Many ufologists claim that the US and UK governments are doing secret research into UFOs while telling their citizens that they do not exist. If this is true, an understanding of deception and disinformation techniques may make us less vulnerable to being fooled. For obvious reasons few governments publish much information about such techniques. However, deception is frequently used during wars, so by studying some historical examples we might learn about what is happening today. Because official disinformation is not the only source of confusion about UFOs, this article will also discuss other sources
Deception is to create a misleading impression in your target audience by your actions. It is something that you do to mislead whoever may be observing you, either on a small or large scale. Deception might be directed at the intelligence services of a country that you are at war with, or at your own citizens during peacetime. Most intelligence services see little difference between war and peace time, and unfortunately if you wish to fool the international community you generally have to mislead your own citizens as well. Deception techniques take advantage of the fact that people tend to think that information they had to ferret out is more likely to be true than if it were handed to them on a platter.
An example of deception was revealed in an article in the Sunday Times entitled \u201cGerm war reports exposed as hoax\u201d (1998). The report tells how released Russian intelligence files had revealed that in 1952 the North Koreans had deliberately infected a couple of their own citizens with plague bacilli, and then used tissue samples from their bodies to convince the world that the Americans were using germ warfare in the Korean conflict. The United States had unsuccessfully denied the claims because, as the article says, \u201cHistorians had questioned whether the Koreans
and Chinese could have mobilized thousands of people and faked evidence from scores of doctors, scientists and officials. But the new papers show they did exactly that.\u201d This illustrates that some governments will occasionally go to inordinate lengths to mislead.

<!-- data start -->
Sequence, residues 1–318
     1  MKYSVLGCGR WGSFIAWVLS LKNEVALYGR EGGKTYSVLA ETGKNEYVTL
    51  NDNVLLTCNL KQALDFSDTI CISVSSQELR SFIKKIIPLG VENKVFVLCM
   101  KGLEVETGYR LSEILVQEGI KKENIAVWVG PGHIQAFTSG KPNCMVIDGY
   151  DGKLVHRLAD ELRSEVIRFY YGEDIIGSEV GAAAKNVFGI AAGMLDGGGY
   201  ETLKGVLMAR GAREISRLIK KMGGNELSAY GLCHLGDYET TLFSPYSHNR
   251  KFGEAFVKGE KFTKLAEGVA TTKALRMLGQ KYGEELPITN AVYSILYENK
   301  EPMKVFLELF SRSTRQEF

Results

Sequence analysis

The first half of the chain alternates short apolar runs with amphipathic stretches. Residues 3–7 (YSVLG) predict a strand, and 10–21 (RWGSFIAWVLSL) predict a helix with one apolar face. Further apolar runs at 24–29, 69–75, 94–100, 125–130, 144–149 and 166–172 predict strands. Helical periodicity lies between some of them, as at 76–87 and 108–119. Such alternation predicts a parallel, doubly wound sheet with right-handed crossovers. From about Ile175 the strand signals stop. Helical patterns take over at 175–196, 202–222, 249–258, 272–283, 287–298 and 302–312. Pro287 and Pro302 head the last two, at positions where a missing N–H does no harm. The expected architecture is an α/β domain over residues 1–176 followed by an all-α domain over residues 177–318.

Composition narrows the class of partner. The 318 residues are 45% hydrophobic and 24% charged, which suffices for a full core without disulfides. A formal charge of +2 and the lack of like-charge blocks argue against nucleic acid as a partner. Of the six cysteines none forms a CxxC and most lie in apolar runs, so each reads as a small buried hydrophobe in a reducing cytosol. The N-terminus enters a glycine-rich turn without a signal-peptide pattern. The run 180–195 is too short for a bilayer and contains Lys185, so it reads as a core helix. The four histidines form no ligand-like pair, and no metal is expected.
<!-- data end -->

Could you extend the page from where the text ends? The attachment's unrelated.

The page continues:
Disinformation is the release or leaking of misleading information. I think it was Churchill who claimed that to keep something secret sometimes one needed \u201cTo surround the truth with a tissue of lies.\u201d By releasing three parts disinformation to one part truth you can confuse and mislead your target audience. This is especially important with the UFO phenomenon because, unlike technical secrets, which can be kept locked up, UFOs appear in public so a completely different technique is needed to keep them secret.
UFOs were probably first noticed by Western governments soon after WW II. It is not within the scope of this article to discuss why the authorities decided to keep them secret, but once that decision had been made, the best way to do it was obvious. If they could not make UFOs disappear physically, the solution was to make them disappear psychologically using perception management or what the military calls psy-ops (psychological operations). Regardless of what many people were seeing, they simply decided to define UFOs out of existence, and ridicule the minority who did claim to see them. I believe that it will eventually be shown that the UFO cover-up has been the most successful deception campaign in human history. Ironically, it continues to be so effective that those in authority may be concerned that the public will refuse to accept the truth even if concrete evidence is presented to them. In other words, the continued UFO secrecy may partly be a result of the effectiveness of the earlier secrecy.